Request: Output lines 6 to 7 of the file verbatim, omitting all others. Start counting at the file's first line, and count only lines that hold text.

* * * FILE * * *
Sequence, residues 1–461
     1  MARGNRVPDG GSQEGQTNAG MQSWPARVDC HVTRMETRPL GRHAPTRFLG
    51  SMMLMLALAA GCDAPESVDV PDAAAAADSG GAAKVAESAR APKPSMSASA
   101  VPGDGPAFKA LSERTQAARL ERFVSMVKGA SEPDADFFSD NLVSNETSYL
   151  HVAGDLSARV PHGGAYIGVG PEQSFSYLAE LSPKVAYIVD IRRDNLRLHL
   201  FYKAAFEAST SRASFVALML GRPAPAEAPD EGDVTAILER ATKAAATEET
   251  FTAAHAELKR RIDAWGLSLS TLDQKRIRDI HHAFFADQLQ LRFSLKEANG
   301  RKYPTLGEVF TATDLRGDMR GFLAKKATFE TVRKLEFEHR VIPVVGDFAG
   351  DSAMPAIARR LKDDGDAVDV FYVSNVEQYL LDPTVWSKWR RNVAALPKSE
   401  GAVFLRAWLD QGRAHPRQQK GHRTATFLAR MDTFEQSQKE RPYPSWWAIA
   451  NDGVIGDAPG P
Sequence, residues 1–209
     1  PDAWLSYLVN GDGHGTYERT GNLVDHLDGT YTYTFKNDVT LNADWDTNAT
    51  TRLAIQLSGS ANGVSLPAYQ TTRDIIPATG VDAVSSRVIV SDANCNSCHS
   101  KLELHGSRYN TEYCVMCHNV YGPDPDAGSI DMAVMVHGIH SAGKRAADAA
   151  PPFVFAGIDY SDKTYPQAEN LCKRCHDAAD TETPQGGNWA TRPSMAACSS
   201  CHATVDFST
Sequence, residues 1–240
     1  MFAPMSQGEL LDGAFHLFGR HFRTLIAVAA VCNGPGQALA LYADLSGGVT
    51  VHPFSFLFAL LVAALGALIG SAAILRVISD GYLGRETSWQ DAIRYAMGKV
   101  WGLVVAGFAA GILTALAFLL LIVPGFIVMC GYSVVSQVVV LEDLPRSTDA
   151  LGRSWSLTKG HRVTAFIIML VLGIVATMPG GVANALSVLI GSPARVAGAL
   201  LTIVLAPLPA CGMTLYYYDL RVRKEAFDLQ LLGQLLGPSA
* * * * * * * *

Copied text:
   201  FYKAAFEAST SRASFVALML GRPAPAEAPD EGDVTAILER ATKAAATEET
   251  FTAAHAELKR RIDAWGLSLS TLDQKRIRDI HHAFFADQLQ LRFSLKEANG